• One has to remember that the 'net wasn't really designed with that in mind. Keep in mind that it was originally a Department of Defense project - when it was first started, Admiral Random didn't expect that J. Random Civilian would ultimately be using it from his America Online account.

          It also comes back to the purpose of TLD's. .net was for networks out there, .com was for commercial entities, .org was for non profit organizations, .edu and .gov remain to this day for schools and government agencies respectively. Somewhere along the life of the 'net, the lines between .com, .net and .org became blurred - which is why you get domains like "". By your logic, I will assume that the registrant of this domain was into some seriously hardcore zen.

          Admittedly, if we harken back to the original TLD logic, my website should be on "" as it is clearly not for profit.

          But nonetheless, the respondent to the root of this tree is right - assuming you type "" and you will get data on the American Civil War of the 19th century is just plain dumb and irresponsible. If you want civil war battles, you go to Google [] and type (with quotes) "civil war battles" at the prompt.

          And for the benefit of my readers, this is the results [] of that search.

          • So if the domain name is to mean nothing, why should we even have them to begin with? Why not just access everything by IP address and use a search engine to find it all?

            This won't solve the problem either, as people will just find ways to trick the search engines by putting bogus information in meta-tags and maybe a misleading title to their website.

            The whole point of DNS was for user convenience. We're quickly reaching the point where it is no longer convenient. The whole issue of people ignoring the .com, .net, .org TLD structure also annoys me somewhat, especially when I see stuff like "My First Website" with a .com suffix on the domain name.

            I think many disputes could have been avoided if companies stuck to the .com and .net (for ISPs/backbones, etc) and others used .org or .countrycode appropriately. Let the businesses have their suffix and leave the .org people alone.

            And don't get me started on the individuals who buy up blocks of names of what they think will be popular in hopes of selling them for a million dollars a piece later on. That's greedy, opportunistic manipulation of a system designed in good faith. People like this make me taste ashes in my mouth when I hear the word "capitalism".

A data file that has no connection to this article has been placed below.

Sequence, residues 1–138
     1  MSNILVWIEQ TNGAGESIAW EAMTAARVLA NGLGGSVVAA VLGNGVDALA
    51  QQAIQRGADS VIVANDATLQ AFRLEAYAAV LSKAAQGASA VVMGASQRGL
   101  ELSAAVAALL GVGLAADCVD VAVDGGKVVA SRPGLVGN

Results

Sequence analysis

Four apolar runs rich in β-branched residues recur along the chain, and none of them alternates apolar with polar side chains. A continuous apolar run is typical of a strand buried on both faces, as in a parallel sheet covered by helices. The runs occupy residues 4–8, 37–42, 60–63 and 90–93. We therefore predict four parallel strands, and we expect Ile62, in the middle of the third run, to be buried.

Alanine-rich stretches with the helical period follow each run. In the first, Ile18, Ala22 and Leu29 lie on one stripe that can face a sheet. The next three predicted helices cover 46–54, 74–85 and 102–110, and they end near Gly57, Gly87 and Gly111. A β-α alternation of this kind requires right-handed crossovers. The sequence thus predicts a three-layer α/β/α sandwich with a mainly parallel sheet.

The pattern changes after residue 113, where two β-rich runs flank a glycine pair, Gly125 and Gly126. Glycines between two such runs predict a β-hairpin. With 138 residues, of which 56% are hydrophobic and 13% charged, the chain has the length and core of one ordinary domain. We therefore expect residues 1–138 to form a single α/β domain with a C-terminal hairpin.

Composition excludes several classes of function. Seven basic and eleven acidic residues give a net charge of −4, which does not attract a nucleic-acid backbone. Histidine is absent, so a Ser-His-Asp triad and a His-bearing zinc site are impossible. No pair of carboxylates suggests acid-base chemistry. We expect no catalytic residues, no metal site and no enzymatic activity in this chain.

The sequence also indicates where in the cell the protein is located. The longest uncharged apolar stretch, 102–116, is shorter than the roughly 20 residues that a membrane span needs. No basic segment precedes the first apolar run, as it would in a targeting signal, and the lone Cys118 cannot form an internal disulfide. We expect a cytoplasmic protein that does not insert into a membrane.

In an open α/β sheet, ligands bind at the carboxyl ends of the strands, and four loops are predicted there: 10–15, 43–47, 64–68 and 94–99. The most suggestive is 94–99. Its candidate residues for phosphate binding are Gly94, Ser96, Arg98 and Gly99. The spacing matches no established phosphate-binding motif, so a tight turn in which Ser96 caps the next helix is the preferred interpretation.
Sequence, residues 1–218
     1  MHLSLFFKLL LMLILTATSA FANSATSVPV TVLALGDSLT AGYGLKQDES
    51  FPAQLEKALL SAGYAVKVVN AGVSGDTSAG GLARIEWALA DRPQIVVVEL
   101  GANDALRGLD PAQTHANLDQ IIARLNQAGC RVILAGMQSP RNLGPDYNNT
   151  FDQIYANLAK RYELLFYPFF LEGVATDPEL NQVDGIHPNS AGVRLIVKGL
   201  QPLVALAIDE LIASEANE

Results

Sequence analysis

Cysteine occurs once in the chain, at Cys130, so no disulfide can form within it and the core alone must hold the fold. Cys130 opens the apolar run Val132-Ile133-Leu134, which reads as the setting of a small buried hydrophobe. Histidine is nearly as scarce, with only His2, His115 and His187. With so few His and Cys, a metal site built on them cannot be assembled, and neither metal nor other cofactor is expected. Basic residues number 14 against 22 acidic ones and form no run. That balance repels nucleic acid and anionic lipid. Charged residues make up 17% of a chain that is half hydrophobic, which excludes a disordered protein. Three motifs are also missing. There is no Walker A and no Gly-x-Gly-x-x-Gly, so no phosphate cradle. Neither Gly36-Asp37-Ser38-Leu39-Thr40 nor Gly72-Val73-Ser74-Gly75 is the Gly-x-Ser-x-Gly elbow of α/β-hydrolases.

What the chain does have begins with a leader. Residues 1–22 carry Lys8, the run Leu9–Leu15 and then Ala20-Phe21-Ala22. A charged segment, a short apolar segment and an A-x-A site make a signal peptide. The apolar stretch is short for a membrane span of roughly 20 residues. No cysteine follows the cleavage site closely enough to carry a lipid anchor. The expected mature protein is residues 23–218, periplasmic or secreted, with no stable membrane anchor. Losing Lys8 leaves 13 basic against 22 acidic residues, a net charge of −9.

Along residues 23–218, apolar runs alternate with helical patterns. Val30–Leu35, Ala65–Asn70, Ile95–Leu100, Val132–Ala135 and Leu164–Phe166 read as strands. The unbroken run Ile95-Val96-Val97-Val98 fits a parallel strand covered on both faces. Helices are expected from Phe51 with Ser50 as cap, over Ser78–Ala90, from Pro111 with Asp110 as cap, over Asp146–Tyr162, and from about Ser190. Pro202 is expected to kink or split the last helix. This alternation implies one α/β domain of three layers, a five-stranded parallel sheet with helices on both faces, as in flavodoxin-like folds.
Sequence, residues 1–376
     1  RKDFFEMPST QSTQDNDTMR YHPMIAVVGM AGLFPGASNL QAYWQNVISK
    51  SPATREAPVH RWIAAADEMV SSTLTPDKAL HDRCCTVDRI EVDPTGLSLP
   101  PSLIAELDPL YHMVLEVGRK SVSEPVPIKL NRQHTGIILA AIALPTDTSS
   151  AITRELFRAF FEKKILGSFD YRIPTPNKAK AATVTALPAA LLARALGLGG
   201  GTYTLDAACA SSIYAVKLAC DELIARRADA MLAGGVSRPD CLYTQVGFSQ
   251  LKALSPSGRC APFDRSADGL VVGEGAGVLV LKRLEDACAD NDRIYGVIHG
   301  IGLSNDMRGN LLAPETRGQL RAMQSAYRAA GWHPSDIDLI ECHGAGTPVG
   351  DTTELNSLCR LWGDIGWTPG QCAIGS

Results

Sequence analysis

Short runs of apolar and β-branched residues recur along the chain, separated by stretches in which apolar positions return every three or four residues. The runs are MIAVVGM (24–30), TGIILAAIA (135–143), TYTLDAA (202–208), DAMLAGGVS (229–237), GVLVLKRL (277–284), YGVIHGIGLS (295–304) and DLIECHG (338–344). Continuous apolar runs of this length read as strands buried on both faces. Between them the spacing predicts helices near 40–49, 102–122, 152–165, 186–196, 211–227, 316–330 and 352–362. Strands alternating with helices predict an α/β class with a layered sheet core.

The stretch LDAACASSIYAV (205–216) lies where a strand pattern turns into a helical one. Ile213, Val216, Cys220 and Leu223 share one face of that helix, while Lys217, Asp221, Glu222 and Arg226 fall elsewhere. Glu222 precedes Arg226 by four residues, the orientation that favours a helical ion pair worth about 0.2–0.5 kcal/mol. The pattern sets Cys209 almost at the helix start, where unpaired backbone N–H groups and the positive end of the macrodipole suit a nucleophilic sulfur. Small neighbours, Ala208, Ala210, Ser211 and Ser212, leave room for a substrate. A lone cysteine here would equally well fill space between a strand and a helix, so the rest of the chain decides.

• Imminent death of the net predicted!!!

              Look, I'll leave it at this: no matter how you work it, it is still a dumb and irresponsible idea to rely solely on domain names. I don't know about anyone else, but most people I know, the first trip is to the search engines if they need to research anything.

        • It's not irresponsible to assume that a domain name should have SOMETHING to do with the content of the site

          Yes it clearly is. At least, unless you WANT to be inundated with porn! :)

          just as you should expect the name of a store to have SOMETHING to do with what they sell.

          Completely different case. A domain name is far more analogous to a street address.

          In the old days (before the steaming pile of groat clustards we call the World Wide Web appeared), if you wanted info on Civil War battles, you'd go to sci.history.civilwar, check the FAQ, and find a referral to (say) (Note that the domain name has nothing to do with the civil war.) Nowadays you go to Google and type "civil war battles". At no point in time was typing "" ever a recommended search method. The fact that it may have worked for you once or twice simply shows that some SITE OWNERS misunderstood the purpose of DNS, which is what lead to your misunderstanding.